Repercussion Theatre’s latest offering is a fascinating look at the age-old Shakespearean tale of Romeo and Juliet. While the Theatre has had a very interesting history of productions that attempt to question the binary of gender representation. This time the refreshing creative choice was to have both the protagonist played by two female leads (both as actors and characters in the play), and keeping the rest of the core of Romeo and Juliet’s eternal romance intact. The actor playing Romeo (Shauna Thompson) is perfectly melancholy and poetic, adapted deftly in the mold of the lovelorn lover that Romeo is supposed to be. Juliet played by Michelle Rambharose is the epitome of assumed beauty, grace and the allure that Romeo craves. The two are equally matched, though Romeo enjoys the advantage of more stage time. But the laurels for the show belong to Adam Capriolo playing Mercutio (also in parts the Prince). Mercutio is played brilliantly by Capriolo, with doses of sarcasm, humor and out and out entertainment. I have seen many adaptations of this romance, but this rendition of Mercutio was quite amazing. A truly outstanding performance.
Mercutio’s death, timed right before the short interval mid-way its total runtime, puts breaks on the pace of the overall narrative. There are also some long drawn out conversations between secondary characters that get a bit tardy, but for the most part the cast is on point and engaging. Cara Krisman deserves special mention for playing Benvolio, the perfect compatriot (especially in banter) to Mercutio.
I loved how gender role reversals weren’t just for the protagonists, Nadia Verrucci plays Capulet with decorum, while Anton May playing Lady Capulet with such aplomb and feisty fervor, also added the needed dramatic effect.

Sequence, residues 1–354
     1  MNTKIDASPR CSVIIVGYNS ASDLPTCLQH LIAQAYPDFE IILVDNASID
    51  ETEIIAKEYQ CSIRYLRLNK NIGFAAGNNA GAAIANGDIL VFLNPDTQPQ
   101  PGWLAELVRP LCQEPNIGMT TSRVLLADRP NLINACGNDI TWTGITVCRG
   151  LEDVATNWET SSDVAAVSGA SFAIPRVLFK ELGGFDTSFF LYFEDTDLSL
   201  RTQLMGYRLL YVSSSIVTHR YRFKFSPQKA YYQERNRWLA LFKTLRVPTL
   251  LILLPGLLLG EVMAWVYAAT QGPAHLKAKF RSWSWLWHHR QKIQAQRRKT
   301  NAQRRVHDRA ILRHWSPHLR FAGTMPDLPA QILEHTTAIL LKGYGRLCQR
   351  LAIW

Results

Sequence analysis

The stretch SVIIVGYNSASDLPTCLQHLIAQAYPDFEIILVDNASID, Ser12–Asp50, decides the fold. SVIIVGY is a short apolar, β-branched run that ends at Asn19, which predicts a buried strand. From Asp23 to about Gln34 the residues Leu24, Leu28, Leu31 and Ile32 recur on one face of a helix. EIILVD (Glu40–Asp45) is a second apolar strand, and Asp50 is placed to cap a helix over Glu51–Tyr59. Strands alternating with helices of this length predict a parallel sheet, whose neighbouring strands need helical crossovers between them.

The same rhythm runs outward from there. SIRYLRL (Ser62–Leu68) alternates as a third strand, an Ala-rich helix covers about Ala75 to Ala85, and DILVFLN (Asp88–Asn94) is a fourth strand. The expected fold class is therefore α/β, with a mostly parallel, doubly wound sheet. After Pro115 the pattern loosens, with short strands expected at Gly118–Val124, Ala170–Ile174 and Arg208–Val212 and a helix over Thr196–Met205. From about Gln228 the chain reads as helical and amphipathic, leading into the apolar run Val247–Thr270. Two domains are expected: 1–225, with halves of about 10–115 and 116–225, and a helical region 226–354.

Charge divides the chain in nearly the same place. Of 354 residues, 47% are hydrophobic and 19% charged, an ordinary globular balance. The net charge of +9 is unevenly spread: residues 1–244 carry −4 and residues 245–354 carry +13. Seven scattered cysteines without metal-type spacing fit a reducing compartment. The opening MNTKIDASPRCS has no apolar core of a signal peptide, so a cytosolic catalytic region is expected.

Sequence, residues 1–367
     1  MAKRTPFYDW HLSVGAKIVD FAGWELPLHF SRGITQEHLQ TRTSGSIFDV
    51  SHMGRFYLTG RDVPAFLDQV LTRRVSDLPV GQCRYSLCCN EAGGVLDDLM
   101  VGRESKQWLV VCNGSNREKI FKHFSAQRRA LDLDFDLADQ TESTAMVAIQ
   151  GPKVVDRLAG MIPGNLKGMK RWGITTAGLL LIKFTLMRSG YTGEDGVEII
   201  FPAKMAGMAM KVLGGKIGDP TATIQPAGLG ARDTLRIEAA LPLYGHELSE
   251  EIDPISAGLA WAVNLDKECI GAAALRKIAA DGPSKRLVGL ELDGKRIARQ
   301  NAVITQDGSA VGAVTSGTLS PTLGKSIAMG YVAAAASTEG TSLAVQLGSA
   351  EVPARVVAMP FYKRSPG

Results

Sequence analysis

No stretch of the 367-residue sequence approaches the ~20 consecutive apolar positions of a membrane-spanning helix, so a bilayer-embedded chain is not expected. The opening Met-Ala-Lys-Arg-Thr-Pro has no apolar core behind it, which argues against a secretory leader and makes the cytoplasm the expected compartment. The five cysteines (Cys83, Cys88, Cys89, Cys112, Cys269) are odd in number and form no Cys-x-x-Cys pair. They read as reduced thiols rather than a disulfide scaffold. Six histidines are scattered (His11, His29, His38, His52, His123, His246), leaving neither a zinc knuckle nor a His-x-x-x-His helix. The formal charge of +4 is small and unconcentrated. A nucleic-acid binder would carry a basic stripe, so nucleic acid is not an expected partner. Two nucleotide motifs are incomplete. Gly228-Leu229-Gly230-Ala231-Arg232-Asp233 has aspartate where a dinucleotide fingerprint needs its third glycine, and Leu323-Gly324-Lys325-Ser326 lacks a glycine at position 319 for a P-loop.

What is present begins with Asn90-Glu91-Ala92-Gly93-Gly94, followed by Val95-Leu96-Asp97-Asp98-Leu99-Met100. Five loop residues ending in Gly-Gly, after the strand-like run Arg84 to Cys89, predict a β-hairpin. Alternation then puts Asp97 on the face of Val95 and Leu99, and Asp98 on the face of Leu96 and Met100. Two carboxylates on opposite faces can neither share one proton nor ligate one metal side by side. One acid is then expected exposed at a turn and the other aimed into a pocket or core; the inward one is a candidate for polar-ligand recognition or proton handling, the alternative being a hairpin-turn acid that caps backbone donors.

The set design (by Ana Cappelluto), though mostly minimalist, is efficient and effectively used. I also particularly loved what Sophie El-Assaad did with the costumes. They had flair and seemed out of a playhouse from the 16th century, but equally at home in 2018.
With Shakespeare, it’s always difficult to find the right balance between artistic freedom and trying to stay true to a story that is legendary. It’s also more challenging to make such a well-known story seem fresh and equally engaging. Amanda Kellock and Shanti Gonzales’s Director and Assistant Director duo were able to break gender stereotypes, create fight scenes that didn’t have swords and knives and remain dramatically effective without being over the top. All in all, a thoroughly engaging performance that tells the age-old story of two households in Vernoa. Perhaps next time creative liberties would set the households someone in the burbs of Montreal and bring the play really home for its audience.
Shakespeare in the Park and performances of Romeo and Juliet will be staged in different parts of the city till August 8. https://www.repercussiontheatre.com/rj-loveislove/
1 Comment on Romeo and Juliet : More Than Gender Role Reversals
Comments are closed.